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There are some aspects of the 65S8505C's operating system that work well. The OneFlick remote is quite intuitive, for instance, and I also like Sony's home-grown 'Discover' interface.
Unfortunately, though, the simplicity and focus of this interface just highlights the numerous issues that affect the main Android TV menu system.
The layout of the Android 'shelves' seems almost random, showing no real understanding of the sort of services and features TV (rather than phone) users most want to get to easily. The top 'recommendations' shelf seems too random in its recommendations too, making it feel more like it's suggesting things it wants you to like rather than things you might actually like.
The sheer volume of apps feels overwhelming at times too, as Android currently seems more focused on quantity over quality.
And perhaps worst of all, the implementation of Android on show here seems to cause the TV to run quite sluggishly at times as well as causing a handful of full-on, reboot-the-TV crashes during my testing period.
I'm not saying Android TV doesn't have potential, but it certainly needs to learn how to streamline and focus its approach.
First the bad news: inevitably the 65S8505 doesn't sound anywhere near as potent as Sony's 93/94 TVs with their large, forward facing speaker arrays.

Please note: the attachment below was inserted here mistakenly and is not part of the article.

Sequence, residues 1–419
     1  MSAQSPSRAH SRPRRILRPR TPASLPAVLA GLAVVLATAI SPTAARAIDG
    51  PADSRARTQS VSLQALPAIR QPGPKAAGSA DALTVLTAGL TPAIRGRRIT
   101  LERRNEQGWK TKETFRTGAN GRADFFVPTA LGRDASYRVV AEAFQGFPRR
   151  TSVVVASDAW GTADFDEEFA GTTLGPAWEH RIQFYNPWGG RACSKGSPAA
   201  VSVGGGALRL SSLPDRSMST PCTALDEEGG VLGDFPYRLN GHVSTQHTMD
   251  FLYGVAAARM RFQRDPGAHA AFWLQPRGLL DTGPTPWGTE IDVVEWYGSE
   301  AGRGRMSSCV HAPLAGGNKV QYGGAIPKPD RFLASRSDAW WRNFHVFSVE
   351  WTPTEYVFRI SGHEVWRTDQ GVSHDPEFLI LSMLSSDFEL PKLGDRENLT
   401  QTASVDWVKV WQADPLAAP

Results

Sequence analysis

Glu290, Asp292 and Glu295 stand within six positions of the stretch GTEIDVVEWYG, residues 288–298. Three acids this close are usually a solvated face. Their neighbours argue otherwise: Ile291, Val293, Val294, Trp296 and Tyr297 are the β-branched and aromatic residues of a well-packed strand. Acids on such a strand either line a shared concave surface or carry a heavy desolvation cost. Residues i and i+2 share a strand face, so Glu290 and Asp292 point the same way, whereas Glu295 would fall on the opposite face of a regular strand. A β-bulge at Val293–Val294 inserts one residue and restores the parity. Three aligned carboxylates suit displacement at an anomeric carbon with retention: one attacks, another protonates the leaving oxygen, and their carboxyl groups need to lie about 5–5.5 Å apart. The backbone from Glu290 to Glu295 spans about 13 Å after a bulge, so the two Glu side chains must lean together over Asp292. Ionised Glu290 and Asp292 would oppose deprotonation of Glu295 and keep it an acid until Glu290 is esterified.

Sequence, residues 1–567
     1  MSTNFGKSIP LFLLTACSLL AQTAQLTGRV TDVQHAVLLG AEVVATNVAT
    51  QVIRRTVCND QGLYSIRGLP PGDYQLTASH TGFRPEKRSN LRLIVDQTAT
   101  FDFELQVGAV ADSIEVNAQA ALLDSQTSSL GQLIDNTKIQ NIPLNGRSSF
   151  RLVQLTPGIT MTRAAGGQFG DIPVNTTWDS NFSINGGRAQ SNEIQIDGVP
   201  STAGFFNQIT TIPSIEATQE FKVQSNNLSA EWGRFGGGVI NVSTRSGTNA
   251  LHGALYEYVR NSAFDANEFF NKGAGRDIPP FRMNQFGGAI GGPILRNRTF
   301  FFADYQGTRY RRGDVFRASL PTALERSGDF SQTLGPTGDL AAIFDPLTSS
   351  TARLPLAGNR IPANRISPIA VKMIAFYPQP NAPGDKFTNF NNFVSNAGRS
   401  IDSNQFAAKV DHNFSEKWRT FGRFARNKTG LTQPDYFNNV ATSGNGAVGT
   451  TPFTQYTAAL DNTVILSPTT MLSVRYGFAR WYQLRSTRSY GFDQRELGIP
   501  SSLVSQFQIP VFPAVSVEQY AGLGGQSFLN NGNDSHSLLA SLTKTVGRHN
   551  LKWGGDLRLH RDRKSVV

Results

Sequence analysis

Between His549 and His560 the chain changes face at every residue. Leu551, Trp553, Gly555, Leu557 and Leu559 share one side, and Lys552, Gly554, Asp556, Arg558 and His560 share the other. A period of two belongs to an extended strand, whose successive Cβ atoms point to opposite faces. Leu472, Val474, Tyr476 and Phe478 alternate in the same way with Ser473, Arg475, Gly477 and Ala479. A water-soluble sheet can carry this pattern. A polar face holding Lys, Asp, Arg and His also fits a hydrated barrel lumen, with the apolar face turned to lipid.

On the upside, it does manage to overcome the svelte-ness of its frame to deliver a respectably loud, clean, open and detailed sound.
There's not all that much bass to provide a foundation to action scenes, and there's nowhere near as much width to the soundstage as you got with Sony's debut curved TV, 2014's 65S9005C, which used an innovative multi-angle speaker system.
But at least the 65S8505 never tries to push past its speakers limitations to a point where things might start to sound distorted or harsh.
The 65S8505 is £400 cheaper than the rival curved UHD Panasonic 65CR852 - as well as performing better.
And it's a cool £800 cheaper than Samsung's HDR/SUHD UE65JS9000 TV - though Samsung's model is a strong performer with a proven HDR track record.
Overall, while it's not a perfect performer, the 65S8505 still feels like you're getting a lot for your money.
John has been writing about home entertainment technology for more than two decades - an especially impressive feat considering he still claims to only be 35 years old (yeah, right). In that time he’s reviewed hundreds if not thousands of TVs, projectors and speakers, and spent frankly far too long sitting by himself in a dark room.